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Toni Talks about PT Today

Insights on Interviewing

Published May 17, 2011 1:24 PM by Toni Patt

The last few weeks have been a little different for us. We've been interviewing applicants for the two open positions on the rehab unit. I say this is a unique because we have more applicants than open positions. Usually we have open positions and no applicants. I participated in the peer interview for some of the applicants.

All of our interviewees were recent graduates or soon-to-be graduates. That has been the case for every applicant I can remember, which makes me wonder. Where are the PTs with experience interviewing? I can't believe in all of Houston there isn't at least one person with experience looking to change jobs. Nor can I believe there isn't at least one person with experience moving to Houston and looking for work.

My facility isn't known for its high salaries and that may be part of the problem. But according to the powers that be, no one with experience has applied. That might scare someone local away. Someone from out of state wouldn't know that.

I don't think the hospital has a big advertising budget, either. I never see employment ads for the place despite at least four openings for PTs between acute and rehab. The openings are posted on the website, which is the first place I would look if I were job hunting. I think we can assume individuals are seeing the postings.

I've also noticed a trend among our interviewees. They all pretty much have said what they think we want to hear. Obviously you expect a certain amount of that. The point of the interview is to impress us. Only one of our interviewees really sounded like she knew rehab and wanted to work there. Another kept stressing how she wants to work with neuro patients even though all her affiliations were orthopedic and her resume mentions improving manual therapy skills. Did she think someone wouldn't notice? Another said her goal was to sit for the NCS but had no idea what that entailed.

I actually would have been OK with the ortho woman had she been honest about her interest. Maybe she couldn't get a job in an outpatient clinic. Maybe she liked neuro but not as much as ortho. Had she been honest about her reasoning, she would have had a better shot. No one completely believed her explanation. We're not going to hire someone who doesn't come off as sincere and believable.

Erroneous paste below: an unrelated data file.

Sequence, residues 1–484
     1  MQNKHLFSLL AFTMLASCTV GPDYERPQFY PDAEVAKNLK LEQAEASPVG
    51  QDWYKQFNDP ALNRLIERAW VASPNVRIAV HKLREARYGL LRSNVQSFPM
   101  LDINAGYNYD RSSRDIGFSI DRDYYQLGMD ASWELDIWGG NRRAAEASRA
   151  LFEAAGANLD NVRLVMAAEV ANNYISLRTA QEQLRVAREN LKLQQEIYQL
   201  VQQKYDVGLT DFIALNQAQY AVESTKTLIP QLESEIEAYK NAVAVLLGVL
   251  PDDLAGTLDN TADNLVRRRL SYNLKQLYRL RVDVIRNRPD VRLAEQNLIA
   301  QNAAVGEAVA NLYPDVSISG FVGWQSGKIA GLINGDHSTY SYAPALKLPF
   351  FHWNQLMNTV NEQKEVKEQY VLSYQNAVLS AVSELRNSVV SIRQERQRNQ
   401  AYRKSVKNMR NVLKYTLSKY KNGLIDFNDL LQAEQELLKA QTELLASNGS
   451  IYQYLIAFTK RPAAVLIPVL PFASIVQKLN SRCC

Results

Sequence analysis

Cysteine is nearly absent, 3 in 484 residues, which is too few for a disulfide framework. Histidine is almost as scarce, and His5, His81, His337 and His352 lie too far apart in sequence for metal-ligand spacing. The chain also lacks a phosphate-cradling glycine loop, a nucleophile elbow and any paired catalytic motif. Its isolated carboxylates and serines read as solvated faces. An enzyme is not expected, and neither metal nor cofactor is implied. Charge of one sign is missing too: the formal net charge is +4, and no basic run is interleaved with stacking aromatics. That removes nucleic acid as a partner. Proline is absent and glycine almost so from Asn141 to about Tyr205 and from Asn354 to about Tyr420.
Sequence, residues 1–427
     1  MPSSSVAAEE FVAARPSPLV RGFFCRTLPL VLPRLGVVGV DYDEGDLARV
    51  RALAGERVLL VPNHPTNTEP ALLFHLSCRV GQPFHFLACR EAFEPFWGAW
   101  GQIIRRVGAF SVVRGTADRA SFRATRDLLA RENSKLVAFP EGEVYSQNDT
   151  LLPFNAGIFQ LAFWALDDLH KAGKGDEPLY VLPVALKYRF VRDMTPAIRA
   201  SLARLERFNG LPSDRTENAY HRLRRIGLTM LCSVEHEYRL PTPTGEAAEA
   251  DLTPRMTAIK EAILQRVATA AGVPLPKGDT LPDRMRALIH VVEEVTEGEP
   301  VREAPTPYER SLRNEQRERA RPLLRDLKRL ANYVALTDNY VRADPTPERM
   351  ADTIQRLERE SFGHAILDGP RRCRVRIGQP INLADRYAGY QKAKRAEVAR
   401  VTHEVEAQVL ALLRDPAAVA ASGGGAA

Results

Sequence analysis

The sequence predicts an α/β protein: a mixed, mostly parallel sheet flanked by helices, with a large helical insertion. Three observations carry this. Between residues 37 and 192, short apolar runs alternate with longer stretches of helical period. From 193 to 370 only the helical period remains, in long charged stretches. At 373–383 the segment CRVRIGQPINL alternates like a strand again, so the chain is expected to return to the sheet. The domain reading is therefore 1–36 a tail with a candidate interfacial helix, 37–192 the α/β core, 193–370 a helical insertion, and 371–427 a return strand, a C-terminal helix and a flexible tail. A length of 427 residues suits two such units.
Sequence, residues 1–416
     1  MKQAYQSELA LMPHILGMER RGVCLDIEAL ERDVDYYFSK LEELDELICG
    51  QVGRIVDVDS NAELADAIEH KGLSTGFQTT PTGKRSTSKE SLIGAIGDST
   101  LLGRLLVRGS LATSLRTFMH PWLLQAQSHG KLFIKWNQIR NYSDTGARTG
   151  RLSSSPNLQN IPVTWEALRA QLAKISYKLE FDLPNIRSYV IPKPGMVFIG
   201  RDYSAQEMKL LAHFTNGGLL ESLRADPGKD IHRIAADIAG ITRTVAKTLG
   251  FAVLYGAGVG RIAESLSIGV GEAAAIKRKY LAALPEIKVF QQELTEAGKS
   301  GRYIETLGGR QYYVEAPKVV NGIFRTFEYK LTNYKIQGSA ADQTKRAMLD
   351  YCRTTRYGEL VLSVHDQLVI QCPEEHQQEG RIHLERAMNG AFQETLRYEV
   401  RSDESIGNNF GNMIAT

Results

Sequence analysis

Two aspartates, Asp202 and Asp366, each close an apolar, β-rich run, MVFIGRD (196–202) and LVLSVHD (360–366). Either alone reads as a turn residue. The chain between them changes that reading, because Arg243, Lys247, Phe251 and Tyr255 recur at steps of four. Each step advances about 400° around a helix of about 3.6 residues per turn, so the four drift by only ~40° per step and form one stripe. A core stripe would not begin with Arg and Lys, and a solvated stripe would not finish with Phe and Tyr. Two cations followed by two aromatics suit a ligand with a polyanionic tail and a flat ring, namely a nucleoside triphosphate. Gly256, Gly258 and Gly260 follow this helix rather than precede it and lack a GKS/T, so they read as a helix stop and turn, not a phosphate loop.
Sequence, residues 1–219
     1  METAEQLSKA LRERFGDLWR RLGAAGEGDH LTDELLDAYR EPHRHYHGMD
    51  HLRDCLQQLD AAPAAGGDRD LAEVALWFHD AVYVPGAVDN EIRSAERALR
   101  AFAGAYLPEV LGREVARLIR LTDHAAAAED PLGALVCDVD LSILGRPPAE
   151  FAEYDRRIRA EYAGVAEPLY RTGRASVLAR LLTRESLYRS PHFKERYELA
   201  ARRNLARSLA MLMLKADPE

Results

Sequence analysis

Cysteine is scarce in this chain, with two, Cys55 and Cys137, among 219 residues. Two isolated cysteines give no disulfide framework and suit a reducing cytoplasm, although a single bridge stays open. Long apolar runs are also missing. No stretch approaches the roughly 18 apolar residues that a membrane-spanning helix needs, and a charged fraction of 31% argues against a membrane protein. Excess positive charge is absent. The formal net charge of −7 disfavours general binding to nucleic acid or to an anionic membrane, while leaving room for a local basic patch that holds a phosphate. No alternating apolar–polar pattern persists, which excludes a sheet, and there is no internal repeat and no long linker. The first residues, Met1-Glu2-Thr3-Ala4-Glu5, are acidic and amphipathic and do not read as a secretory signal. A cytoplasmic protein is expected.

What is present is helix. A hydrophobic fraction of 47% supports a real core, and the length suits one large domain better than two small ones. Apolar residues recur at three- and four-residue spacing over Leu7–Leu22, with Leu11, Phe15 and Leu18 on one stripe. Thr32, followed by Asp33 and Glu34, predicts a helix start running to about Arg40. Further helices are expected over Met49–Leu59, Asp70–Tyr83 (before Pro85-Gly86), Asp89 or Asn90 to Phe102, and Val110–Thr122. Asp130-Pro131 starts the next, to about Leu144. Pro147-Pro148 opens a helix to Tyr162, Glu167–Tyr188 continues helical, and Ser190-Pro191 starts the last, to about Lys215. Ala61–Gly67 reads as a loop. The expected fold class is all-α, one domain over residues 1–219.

Participating as a peer reviewer isn't easy for me. I want to ask thoughtful questions, not lob softballs. I actually want to know what someone thinks about physical therapy. Yes, the what kind of work environment, how do you handle stress etc. questions must be asked. But I want to hear clinical reasoning. I want to know how an applicant would handle a tough patient. It usually falls on me to ask them when they are taking the exam and when they want to start questions.

We're in the process of deciding who will receive offers. I put my two cents in. Now the management team is meeting to make final decisions. I'm not sure why they're meeting to make decisions if they asked the department as a whole to offer recommendations and we've already done so. Wouldn't that carry the most weight? I don't know. I used to have to interview applicants by myself. It was hard to make a decision because the person was on best behavior around me. I imagine the same thing happened with our interviewees. I expect to hear in the next few days who was given an offer. I wonder if we'll agree.


I posted recently how we had over 100 applications for an entry post position. It is an overwhelming task. I envy your ability to ask questions and "dig" a little deeper. We are constrained by our HR department to only ask the same 7 questions of each interviewee. I managed to throw a clinical scenario in as one, I asked what each would do if they came across someone with all the symptoms of acute CHF (without saying CHF). The responses were disappointing indeed.

Being a PT of a certain age, I know that many of my contemporaries have left the field through either promotion to management positions, opening practices, becoming moms/dads or more frequently becoming disillusioned with the profession.

I hope you get the person you are hoping for.

Cheers, Dean

Dean Metz May 17, 2011 3:14 PM

Here in Massachusetts we're finding an awful lot of new grads applying for our two openings. Only one experienced PT has been interviewed so far.

As for the new grads interviewing, remember that this probably is their very first professional job.  And while business schools give their grads lessons on interviewing skills, I'm pretty sure this doesn't happen in most DPT programs.

I'm finding some VERY BAD interviewing habits from the DPT grads we're seeing:

* No post-interview thank you email (I expect one the same day or early the next AM)

* They arrive without copies of their resumes

* Slow follow-up to email and phone calls

* Some have "no-showed" for phone interviews

* They don't seem to have thoughtful questions to ask of the interviewers

* Slow to respond to verbal and written offers (We had one candidate we were VERY interested in, got agreement on a verbal offer but it took her a week to respond to the written offer.  We retracted the offer.)

Again, I'm sure no one has coached them on how to go through this process, but a lot of it is just common sense and common courtesy.

Good luck in your search

P.S. We prefer the new grads due to cost and the fact that we can mold them to our ways in the first 3-6 months.

David, PT - Director, Outpatient Ortho May 17, 2011 2:16 PM
Natick MA

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